Soon, several of my friends figured out that I was hanging out in the auditorium while they were stuck in study hall. They too, wanted to be part of the stage crew. We became a little mafia of the stage. If you wanted to do something in the auditorium, you needed us to help. Not only were there the usual and customary school plays, we also worked on the senior class fund raiser. Every year, the senior class brought in a “real” act and charged admission to raise money. One year, we did a Shakespeare production with actors from New York. Another year, we had the O’Jays play a concert. Along the way we had some fun. Whenever the school principal spoke during an assembly, there would be a time when the kid running the sound system would shut him off. The principal would tap the microphone and it would work just fine. As soon as he spoke again, nothing. Then a big howl of feedback. Today, I would surely have received a text with the ROFL emoji after that one, but the iPhone wasn’t a gleam in Steve Jobs’ eye just yet. (Integrated circuits had just been invented. Fairchild had one in production with five transistors.)
This book could come in handy too! Learn Electronics Through Troubleshooting, Second Edition, 1977.
All this was beginning to grate on the nasty creatures in the class, and the late 1960s wasn’t just the dawning of “The Age of Aquarius,” it was also the dawning of the age of Super Glue, and two of the shop class hoodlums, brothers, had discovered they could glue a straight pin on the end of a ballpoint pen. One of the them would sneak up behind me as I walked down the hallway headed toward shop class and jam it into my posterior. Of course, this delighted everyone in the hallway. And then, I had to sit on that metal stool.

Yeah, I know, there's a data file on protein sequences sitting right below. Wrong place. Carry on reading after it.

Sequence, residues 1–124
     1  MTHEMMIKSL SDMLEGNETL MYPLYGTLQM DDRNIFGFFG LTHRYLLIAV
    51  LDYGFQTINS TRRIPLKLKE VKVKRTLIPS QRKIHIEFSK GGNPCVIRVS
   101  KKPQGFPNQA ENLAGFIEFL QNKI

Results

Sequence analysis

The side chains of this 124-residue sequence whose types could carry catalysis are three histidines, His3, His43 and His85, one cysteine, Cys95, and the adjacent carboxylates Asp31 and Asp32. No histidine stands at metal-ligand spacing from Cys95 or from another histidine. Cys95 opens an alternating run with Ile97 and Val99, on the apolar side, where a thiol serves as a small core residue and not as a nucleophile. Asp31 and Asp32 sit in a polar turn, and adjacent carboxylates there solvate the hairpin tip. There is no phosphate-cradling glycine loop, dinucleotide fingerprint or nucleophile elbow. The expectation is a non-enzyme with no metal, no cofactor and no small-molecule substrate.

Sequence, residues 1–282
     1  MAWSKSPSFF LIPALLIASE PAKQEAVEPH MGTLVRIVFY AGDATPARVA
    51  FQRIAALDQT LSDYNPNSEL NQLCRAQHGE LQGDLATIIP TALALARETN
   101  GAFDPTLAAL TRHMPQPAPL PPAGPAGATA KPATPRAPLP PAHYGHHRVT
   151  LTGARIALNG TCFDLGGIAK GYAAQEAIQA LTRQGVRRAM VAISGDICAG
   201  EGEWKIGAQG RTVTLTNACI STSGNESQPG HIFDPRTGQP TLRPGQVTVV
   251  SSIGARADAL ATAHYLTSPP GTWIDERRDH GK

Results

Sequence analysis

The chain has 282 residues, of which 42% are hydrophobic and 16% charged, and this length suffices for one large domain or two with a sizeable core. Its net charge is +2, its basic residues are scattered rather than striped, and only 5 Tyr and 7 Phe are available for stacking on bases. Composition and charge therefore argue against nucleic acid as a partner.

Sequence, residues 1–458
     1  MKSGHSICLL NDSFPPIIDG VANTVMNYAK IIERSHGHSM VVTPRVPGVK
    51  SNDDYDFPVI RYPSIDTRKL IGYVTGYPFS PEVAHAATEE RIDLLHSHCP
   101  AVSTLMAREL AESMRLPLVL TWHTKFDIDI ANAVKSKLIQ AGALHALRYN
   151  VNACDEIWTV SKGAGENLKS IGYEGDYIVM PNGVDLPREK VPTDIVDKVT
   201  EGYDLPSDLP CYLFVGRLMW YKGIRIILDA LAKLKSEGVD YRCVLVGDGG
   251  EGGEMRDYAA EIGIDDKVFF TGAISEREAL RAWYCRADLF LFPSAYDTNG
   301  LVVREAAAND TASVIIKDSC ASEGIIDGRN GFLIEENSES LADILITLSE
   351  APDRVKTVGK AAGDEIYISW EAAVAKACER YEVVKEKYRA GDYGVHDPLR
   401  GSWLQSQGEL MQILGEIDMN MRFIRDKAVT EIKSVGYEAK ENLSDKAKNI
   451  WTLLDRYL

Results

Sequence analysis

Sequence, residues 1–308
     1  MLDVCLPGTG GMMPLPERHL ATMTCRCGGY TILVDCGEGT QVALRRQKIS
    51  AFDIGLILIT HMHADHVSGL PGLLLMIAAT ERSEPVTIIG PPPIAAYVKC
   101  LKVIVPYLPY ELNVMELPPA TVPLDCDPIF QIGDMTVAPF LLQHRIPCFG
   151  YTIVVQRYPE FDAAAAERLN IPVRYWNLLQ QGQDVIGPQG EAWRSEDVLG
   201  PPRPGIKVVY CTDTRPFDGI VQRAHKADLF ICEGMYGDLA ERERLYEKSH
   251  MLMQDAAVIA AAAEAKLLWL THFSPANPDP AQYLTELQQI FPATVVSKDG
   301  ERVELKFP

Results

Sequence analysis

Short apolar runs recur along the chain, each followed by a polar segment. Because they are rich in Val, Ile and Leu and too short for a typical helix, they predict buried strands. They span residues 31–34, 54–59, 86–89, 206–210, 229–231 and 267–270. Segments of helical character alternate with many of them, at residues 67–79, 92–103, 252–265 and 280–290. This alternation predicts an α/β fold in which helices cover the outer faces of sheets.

I became primed for revenge. I had no real plan, other than the fact that my mother had made it clear to me that being expelled from high school wasn’t in my best interest. This was especially true as I had a scholarship in process. All plans for revenge were cancelled and I swallowed my pride. Believe me, it never occurred to me to settle differences as high school kids do today.
I went off to college and pretty much stopped thinking about all the indignation I had encountered in high school. However, “Revenge Is Sweet.” It’s sweetest when you have nothing to do with it, even if you don’t find out about it until the call comes years later for your first high school class reunion. It might not have been “Instant Karma,” but it worked for me. The older hoodlum brother hadn’t listened to the “I Feel-Like-I’m-Fixin’-To-Die Rag.” The younger one was involved in a construction accident and fell from a roof. I ignored the reunion. I would never return to that place again. Instead, I found solace in skiing, the great outdoors of the Rocky Mountains and my art. C’est la guerre and I won.
In the next installment, we’ll discuss building my first pair of speakers.
Header image: from Radio-TV Experimenter, spring 1961.